Hi, I have a 5 month chihuahua raterrier mix named hestia (female) and my girlfriend has an older female dog (lady) We introduced them a few weeks ago and lady(older) kept growling at hestia (younger) and hestia was scared, we tried again today and hestia was fine but lady was growling, and curled up. We don’t have enough space to keep them far apart and we tried the food method for a while, it’s only been a day but no progress and I’m not sure I’m doing properly. I would love to get these two to get along. Lady is bigger than hestia and still seems scared (shaking and cowering in the corner while growling) please advise.
Hi Nick – if you’d like specific feedback through a video call, we offer that service! Book in the “1 on 1 training” tab up in the menu bar. We’d be happy to help you troubleshoot.
We have just brought an 8month old rescue pup Casper, into our house as a companion for our very lovely 11 month old Labrador bitch, Coco.
Casper was being aggressive towards the child in his last home with lots of resource guarding. The mother wanted rid of him urgently and we said we would take him.
They go along initially out walking and in the garden but in the house, Casper went for coco and now she is frightened of him in house and garden but not out on walks.
Any advice to air this work would be greatly appreciated
Hi Fiona, it’s concerning that Casper is already showing aggression towards both dogs and children at such a young age. If you’d like to schedule a consultation for in-depth help, I’d be happy to help you troubleshoot.
Please can you help me I have a 9 year old llasha apso and a 5 month old frenchie both males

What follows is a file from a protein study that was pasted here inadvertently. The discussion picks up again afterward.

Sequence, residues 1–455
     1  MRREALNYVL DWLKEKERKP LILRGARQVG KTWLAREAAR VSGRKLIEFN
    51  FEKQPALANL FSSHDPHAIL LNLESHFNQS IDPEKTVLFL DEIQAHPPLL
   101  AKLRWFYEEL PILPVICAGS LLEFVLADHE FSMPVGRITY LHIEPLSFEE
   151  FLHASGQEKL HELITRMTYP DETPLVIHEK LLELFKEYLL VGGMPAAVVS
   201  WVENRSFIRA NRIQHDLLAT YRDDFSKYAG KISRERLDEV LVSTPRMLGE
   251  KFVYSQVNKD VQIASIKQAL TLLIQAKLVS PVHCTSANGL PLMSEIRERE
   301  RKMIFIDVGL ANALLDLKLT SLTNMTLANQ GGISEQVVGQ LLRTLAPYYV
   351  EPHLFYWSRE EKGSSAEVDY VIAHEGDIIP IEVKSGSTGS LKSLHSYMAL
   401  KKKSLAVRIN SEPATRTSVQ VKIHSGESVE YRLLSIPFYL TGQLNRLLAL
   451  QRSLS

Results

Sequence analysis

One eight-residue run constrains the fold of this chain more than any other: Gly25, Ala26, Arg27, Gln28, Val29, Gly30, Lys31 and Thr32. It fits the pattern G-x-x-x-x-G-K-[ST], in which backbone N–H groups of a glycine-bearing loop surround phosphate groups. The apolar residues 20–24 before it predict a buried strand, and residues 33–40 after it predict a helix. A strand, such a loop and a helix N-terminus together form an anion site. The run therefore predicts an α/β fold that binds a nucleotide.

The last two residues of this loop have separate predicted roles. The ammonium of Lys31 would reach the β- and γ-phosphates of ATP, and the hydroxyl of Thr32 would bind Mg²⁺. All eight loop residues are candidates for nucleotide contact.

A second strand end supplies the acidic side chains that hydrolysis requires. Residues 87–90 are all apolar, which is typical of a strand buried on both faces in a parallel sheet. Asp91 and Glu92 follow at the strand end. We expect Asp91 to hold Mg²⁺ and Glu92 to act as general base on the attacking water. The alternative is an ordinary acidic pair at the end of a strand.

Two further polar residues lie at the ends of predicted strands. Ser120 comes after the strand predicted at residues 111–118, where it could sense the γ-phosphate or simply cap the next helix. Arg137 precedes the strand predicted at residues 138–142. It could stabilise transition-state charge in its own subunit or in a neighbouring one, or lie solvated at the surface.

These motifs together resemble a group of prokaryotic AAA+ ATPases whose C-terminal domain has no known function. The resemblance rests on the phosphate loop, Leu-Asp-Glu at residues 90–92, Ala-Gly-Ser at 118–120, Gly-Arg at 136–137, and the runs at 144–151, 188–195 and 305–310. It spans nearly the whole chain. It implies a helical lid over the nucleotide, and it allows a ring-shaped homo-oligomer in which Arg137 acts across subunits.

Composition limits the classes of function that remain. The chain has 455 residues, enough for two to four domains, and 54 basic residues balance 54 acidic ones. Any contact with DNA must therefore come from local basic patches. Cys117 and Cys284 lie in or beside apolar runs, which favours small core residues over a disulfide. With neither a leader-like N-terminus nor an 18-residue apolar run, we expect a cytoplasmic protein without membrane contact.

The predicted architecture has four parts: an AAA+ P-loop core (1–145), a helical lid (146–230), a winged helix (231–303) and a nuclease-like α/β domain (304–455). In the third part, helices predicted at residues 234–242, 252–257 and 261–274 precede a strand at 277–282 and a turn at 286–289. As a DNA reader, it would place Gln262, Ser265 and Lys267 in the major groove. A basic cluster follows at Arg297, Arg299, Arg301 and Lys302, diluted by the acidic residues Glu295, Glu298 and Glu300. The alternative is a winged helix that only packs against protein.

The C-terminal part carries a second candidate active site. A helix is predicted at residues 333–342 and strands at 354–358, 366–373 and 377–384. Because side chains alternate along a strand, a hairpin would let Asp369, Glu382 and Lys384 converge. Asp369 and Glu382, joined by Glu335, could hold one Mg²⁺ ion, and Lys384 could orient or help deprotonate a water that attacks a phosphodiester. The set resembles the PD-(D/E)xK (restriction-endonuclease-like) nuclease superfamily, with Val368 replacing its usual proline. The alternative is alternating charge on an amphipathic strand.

Rocco is the frenchie hes a big personality and reggie my llasha is laid bk and chill
Reggie will tolerate him out walking but if Rocco gpesto runway him hes runaway
Reggie barks to tell Rocco to bk off but Rocco doesnt listen reggie ends upon corner near thedoor just barking I tell Rocco no and distract him reggie comes he he flys over to play reggie the runs upstairs I’ve tryesthefood but reggie eats it and then bogs off
I’m at my wits end of what yo do feel like Rocco knows now he will run away
Hi Lena, what have you tried so far based on the article above?
I have a 4 year old rescue boy called Carter, he is amazing, we’ve had him for about 3 years and we just decided to help another dog and adopted a 1,5 year old Pitty called Maya. they dont fight and walk fine together however they are both always looking for attention. they wont sit next to each other unless am between them.. am afraid when i wont be there she might attack him and hurt him.
Hi Osvaldo. We’d be happy to help you get to the bottom of this in a one-on-one consultation. You can find the link to that in the menu above, but unfortunately we can’t get into specifics of your case in the blog comments section.
We have an angelic 3 yr old maltipoo, Annie… we hoped to provide her companionship and adopted Lily, now a 6 month old maltipoo, four months ago….it has not been a bonding experience!
Annie is intimidated by Lily’s playfulness~ she has lately begun to growl at her, but usually allows herself to be backed into a corner , coming to me for comfort …
Ive tried to limit Lily’s access, by keeping her tethered indoors- with enough room to get comfortably to her food, her toys, her bed, and be part of the family life, while Annie usually hangs out on top of a club chair in the same space… that’s always been her preferred perch!
They walk very well together, but that’s about it! Lily would love Annie to play, but Annie just wants no part of her… is this an issue a trainer could help with??? Lily will be spayed soon~ will this calm her jumping behavior enough for Annie to relax a bit??? I’m a worried puppy mama!
Hi Beth, I sympathize with you being a worried mama! I’m the same way. We’d be happy to help however we can. If you’ve tried the suggestions outlined in the article and aren’t seeing success, the next step would be to book a 1:1 consult with our team using the options in the menu bar above.